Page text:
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A random variable follows a **Bernoulli distribution** if it only has two possible outcomes: 0 or 1.

For example, suppose we flip a coin one time. Let the probability that it lands on heads be *p*. This means the probability that it lands on tails is 1-*p*.

Thus, we could write:

In this case, random variable *X* follows a Bernoulli distribution. It can only take on two possible values.

**Now, if we flip a coin multiple times then the sum of the Bernoulli random variables will follow a Binomial distribution.**

For example, suppose we flip a coin 5 times and we want to know the probability of obtaining heads *k *times. We would say that the random variable *X* follows a Binomial distribution.

If a random variable *X* follows a Binomial distribution, then the probability that *X* = *k* successes can be found by the following formula:

**P(X=k) = _{n}C_{k} * p^{k} * (1-p)^{n-k}**

where:

**n:**number of trials**k:**number of successes**p:**probability of success on a given trialthe number of ways to obtain_{n}C_{k}:*k*successes in*n*trials

For example, suppose we flip a coin 3 times. We can use the formula above to determine the probability of obtaining 0 heads during these 3 flips:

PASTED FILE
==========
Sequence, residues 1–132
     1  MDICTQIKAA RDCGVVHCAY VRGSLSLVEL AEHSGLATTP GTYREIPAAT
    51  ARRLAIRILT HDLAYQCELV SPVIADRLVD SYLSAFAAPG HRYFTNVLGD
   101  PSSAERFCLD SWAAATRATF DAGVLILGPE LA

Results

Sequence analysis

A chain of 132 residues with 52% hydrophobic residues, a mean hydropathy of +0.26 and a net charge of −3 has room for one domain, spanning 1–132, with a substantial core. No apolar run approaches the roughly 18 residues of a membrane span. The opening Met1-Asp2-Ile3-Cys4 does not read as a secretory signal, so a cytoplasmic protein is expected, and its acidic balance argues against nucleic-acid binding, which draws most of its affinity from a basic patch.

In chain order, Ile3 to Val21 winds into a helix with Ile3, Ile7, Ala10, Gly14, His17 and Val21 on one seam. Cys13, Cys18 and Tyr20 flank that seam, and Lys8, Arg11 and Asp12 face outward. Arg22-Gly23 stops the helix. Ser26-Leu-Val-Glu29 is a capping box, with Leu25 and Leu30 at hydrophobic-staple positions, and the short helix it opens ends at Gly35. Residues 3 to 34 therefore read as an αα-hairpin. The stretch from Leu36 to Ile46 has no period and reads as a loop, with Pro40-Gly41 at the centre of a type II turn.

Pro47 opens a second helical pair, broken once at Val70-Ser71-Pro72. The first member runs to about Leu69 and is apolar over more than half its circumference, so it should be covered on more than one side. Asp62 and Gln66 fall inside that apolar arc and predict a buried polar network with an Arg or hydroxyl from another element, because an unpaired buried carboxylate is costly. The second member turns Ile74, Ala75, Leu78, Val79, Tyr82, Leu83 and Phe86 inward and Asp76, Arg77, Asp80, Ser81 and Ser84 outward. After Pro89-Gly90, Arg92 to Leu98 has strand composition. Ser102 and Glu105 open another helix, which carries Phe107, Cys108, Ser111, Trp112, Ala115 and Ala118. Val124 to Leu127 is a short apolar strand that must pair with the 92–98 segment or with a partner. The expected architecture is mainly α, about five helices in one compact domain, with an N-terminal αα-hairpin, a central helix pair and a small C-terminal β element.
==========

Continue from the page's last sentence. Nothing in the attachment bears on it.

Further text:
P(X=0) = _{3}C_{0} * .5^{0} * (1-.5)^{3-0} = 1 * 1 * (.5)^{3} = **0.125**

**When n = 1 trial, the Binomial distribution is equivalent to the Bernoulli distribution.**

**Important Notes**

Here are a couple important notes in regards to the Bernoulli and Binomial distribution:

**1. A random variables that follows a Bernoulli distribution can only take on two possible values, but a random variable that follows a Binomial distribution can take on several values.**

For example, in a single coin flip we will either have 0 or 1 heads. However, in a series of 5 coin flips we could have 0, 1, 2, 3, 4, or 5 heads.

**2. In order for a random variable to follow a Binomial distribution, the probability of “success” in each Bernoulli trial must be equal and independent.**

For example, if we define “success” as landing on heads, then the probability of success on each coin flip is equal to 0.5 and each flip is independent – the outcome of one coin flip does not affect the outcome of another.

**Additional Resources**

An Introduction to Binomial Experiments

An Introduction to the Binomial Distribution

Understanding the Shape of a Binomial Distribution